Why you should care
Beaching in Brazil is serious business. Take some notes from the pros.
You may have noticed it last summer on American beaches: Women are showing more and more cheek. Blame the Brazilians. With nearly 5,000 miles of coast, Brazilians have perfected beaching. So it’s no surprise that beach trends in Brazil have a habit of catching on in the U.S. But beyond the bum, American beachgoers have much to learn from the folks who mastered the bikini. Here are their tips for what you’ll need for this summer.
Heavy, ever-damp towels are so not the look. In Brazil, the towel substitute is called a canga: a colorful piece of viscose fabric that accommodates two bums in the sand and dries in a snap. A magical thing, it packs up small, works as a shawl or bedsheet … and it can even be twisted into a dress. However, it’s actually just a cheap swath made in Asia, marked up to $10. For vendors like Maria da Cruz, 42, who runs a small stand in the city of Olinda, selling cangas in the summer is “always guaranteed profit.” Even with the markup, they’re a versatile investment for many summers.
Brazilian beachgoers have reached the zenith of leisure.
They eat it in salads and drink it in smoothies, and then once on the beach they rub it on their bodies: The carrot is the humble vegetable every Brazilian bronze-body loves. Here a secret: The carrot seed’s natural oil — an extract available in small bottles in any pharmacy — helps to get that deep tan. Although it contains no sun protection, Brazilians swear by its nutritive properties; they believe the beta-carotene lends itself to the ideal summer skin color. “Women here think it’s beautiful to be on the beach shining with oil,” says Monaliza Morete, a 32-year-old true Brazilian beach girl from Rio. And like Brazilian bikinis, the trend is catching on elsewhere: You’ll find carrot “tanning accelerators” in the U.K. and Australia, and in the U.S., sunscreen brands are incorporating veggie power.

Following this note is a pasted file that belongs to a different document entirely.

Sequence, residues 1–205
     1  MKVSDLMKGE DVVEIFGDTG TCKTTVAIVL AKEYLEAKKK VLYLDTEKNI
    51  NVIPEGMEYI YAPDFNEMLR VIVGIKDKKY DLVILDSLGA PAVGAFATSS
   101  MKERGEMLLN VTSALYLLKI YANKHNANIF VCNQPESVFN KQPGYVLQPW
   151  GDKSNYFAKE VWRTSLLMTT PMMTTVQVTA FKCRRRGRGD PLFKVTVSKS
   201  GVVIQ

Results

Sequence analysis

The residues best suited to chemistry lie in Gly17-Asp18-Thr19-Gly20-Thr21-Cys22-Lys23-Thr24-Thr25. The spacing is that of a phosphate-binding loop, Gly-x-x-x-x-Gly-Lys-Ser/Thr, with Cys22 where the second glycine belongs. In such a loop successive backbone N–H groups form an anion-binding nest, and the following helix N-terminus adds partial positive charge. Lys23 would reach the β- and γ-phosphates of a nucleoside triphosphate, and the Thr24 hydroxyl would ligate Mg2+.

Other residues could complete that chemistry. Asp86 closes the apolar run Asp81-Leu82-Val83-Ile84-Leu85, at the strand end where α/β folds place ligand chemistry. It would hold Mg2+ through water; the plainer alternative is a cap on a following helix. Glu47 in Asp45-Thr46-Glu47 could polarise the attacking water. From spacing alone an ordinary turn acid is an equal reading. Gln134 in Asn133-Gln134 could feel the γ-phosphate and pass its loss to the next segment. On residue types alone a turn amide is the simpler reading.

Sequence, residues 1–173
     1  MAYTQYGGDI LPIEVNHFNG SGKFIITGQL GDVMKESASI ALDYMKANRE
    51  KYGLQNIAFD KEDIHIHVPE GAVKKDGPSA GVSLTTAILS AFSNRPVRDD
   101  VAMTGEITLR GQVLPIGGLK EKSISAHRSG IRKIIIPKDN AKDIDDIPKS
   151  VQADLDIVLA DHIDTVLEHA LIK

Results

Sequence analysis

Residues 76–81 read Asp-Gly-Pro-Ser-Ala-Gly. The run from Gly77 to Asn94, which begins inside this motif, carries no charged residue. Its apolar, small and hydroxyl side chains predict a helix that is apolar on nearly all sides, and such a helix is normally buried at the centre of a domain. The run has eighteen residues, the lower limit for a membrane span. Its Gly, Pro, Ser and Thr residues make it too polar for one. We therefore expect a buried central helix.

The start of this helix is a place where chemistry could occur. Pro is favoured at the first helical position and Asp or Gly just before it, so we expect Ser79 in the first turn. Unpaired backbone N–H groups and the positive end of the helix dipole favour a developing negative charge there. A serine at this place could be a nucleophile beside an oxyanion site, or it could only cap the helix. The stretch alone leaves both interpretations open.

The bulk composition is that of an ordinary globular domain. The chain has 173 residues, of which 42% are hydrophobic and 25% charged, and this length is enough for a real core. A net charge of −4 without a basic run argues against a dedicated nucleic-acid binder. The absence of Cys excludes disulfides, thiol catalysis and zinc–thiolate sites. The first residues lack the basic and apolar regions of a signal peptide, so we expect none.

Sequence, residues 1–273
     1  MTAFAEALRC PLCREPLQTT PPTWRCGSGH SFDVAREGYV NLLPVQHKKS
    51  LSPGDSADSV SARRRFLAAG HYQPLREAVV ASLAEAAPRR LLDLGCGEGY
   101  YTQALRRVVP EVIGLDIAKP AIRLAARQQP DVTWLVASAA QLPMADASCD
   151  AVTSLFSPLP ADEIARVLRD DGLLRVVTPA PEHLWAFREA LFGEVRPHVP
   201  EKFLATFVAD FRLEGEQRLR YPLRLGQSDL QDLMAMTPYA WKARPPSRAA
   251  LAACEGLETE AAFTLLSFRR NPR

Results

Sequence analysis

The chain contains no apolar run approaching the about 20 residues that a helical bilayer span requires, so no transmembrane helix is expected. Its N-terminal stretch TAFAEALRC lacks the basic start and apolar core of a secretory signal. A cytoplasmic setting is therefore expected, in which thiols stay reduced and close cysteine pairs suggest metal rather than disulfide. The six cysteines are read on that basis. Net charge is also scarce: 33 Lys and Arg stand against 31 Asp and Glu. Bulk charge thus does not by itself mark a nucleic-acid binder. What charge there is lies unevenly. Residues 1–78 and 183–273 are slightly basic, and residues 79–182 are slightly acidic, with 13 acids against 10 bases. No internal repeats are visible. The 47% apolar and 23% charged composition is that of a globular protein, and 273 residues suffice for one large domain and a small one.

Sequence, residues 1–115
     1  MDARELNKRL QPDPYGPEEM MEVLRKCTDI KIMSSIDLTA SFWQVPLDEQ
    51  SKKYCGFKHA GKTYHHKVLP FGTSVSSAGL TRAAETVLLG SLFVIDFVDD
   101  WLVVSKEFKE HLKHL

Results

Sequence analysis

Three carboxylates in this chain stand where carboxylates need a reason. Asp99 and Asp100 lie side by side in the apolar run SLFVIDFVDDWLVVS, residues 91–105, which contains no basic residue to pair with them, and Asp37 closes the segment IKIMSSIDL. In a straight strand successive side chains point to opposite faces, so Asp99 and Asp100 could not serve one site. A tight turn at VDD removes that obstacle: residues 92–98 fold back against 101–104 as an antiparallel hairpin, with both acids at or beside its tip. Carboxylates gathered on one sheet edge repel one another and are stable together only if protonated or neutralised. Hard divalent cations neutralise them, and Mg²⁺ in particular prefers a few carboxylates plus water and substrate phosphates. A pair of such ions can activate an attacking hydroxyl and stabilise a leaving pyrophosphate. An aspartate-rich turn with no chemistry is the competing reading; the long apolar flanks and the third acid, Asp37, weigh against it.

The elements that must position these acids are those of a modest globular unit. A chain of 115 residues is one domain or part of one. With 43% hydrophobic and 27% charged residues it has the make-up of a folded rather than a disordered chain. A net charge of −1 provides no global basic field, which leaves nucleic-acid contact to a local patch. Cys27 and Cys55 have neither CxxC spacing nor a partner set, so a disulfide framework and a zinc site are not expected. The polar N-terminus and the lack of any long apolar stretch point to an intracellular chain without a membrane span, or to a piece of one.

Lying around with your head in the sand? So uncivilized. A solution out of Brazil: a lightweight, padded headrest. Although it looks a lot like a beach chair for a hamster, Brazilians are using them on the beaches of Ipanema this summer. For now, finding one in the U.S. can be tough, but some enterprising souls make homemade versions, available on craft websites like Etsy, and there’s a version in Australia.
But truth be told, folks like Morete believe that perhaps the best part of Brazilian beach culture isn’t the cangas or the oils; it’s the fact that Brazilian beachgoers have reached the zenith of leisure. They raise a hand for a snack; they applaud the setting sun. Brazilian beaches make you feel like Beyoncé on a Tuesday. And though in the U.S. the closest version to that is a rolling cooler you packed yourself, at least with a canga, some carrot oil and a headrest in tow, you too can get that Brazilian beach feeling — without having to show any cheek.